By Mary Horne, CPDT-KA, Competition Obedience Training Director
As “dog trainers,” we tend to place a lot of focus on our dog’s skills as we prepare to compete; are her stays reliable? Will he run around the high jump? Have we proofed her enough to perform outdoors? These things are certainly important, but we would also be wise to consider how our own behavior impacts our dog’s performance. There are many things we can do to improve our chances of success in the ring. Here are a few:
1. Read the rule book! The AKC Obedience Regulations – available as a download online at www.akc.org or in book form from the AKC’s online store – is an invaluable resource. Not only does it contain general showing guidelines and detailed rules and scoring for each obedience class, it lets an exhibitor in on key elements judges are to look for in each performance. Read it, and then read it again!
2. Train like you trial, and trial like you train. If you’re a chatter box to your dog in training and become silent in the ring (as you must), your dog is likely to become stressed and confused. Similarly, if you give a treat every 5th step in heeling– or worse, lure your dog around the exercises in training -- don’t be surprised if your dog gives up midway through the class. Well before you send your show entry in, make sure your dog is used to working intently and for longer periods than you’ll actually need for praise and petting between exercises and a nice jackpot at the end.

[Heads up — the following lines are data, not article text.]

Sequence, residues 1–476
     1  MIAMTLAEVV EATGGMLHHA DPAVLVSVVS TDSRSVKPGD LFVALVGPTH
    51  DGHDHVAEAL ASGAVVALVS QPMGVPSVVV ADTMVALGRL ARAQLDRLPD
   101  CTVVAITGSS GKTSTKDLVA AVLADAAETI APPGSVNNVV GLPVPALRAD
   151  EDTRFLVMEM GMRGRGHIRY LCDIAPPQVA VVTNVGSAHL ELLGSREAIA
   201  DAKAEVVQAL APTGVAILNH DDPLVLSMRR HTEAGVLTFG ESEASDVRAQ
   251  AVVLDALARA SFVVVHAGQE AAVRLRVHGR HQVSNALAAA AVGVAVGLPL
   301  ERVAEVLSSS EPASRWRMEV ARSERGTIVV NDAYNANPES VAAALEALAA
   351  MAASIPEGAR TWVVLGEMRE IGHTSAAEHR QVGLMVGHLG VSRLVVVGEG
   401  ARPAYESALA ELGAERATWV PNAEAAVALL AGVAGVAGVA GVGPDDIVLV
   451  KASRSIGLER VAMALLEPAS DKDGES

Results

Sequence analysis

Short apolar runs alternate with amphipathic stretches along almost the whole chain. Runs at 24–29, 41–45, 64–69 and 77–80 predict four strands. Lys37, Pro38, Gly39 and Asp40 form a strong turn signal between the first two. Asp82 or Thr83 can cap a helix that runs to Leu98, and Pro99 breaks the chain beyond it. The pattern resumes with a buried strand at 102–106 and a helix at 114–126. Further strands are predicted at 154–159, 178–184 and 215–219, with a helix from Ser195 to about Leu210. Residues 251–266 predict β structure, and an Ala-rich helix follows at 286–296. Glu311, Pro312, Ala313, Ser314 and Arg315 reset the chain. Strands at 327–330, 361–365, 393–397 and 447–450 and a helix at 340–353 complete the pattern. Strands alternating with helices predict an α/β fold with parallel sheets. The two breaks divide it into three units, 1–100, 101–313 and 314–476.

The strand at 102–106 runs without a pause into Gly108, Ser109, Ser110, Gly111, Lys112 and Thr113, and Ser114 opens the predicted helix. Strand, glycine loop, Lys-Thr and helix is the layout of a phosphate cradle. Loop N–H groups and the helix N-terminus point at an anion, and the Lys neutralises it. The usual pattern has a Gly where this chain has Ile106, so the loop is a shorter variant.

3. Learn the best pre-trial routine for your individual dog. Some dogs need an active warm up, while others do better to rest before their turn. Some need a lot of time to take in the show environment while others acclimate immediately. Some need training reminders the week before the show, while others do better if they have a mental break. Know your dog and how best to help him before the performance.
4. Get to your ring early and watch a few dogs before you so you will know where to set up, what the heeling pattern is, and where each exercise will take place. Visualize the two of you moving smoothly around the ring together before you go in.
5. Have a plan for entering and exiting the ring. Your performance effectively begins before you cross the ring gates and doesn’t end until you are well outside the area. Stay connected with your dog throughout.
6. Once you begin an exercise, let the dog make the mistakes. A classic error of new exhibitors is slowing down to wait for their lagging dogs during heeling. It’s too late to fix a training problem once you’re at the show, so if your dog lags, just keep moving and follow the judge’s instructions. Both of you are scored in obedience, so if you at least do your job, you might still qualify.
7. Use time between exercises wisely. Take this time to reconnect with your dog and relax him by praising and petting him, telling him how handsome he is, or doing some discreet tricks like touch or spin. Stay connected as you move to the next exercise.
8. Once you’ve completed all the exercises and leave the ring, don’t just put the dog away. Pay special attention to her before you reconvene with friends or take a break yourself. Play with her, take her for a walk, give her a special bone, etc. Each time you show, you are setting up for the next time, so make sure your dog leaves every show – however well or badly it went – with an upbeat attitude.
9. Remember you decided to do this sport, not your dog. He has no idea about qualifying scores, blue ribbons or OTCH points. .
10. Smile! It’s only a dog show.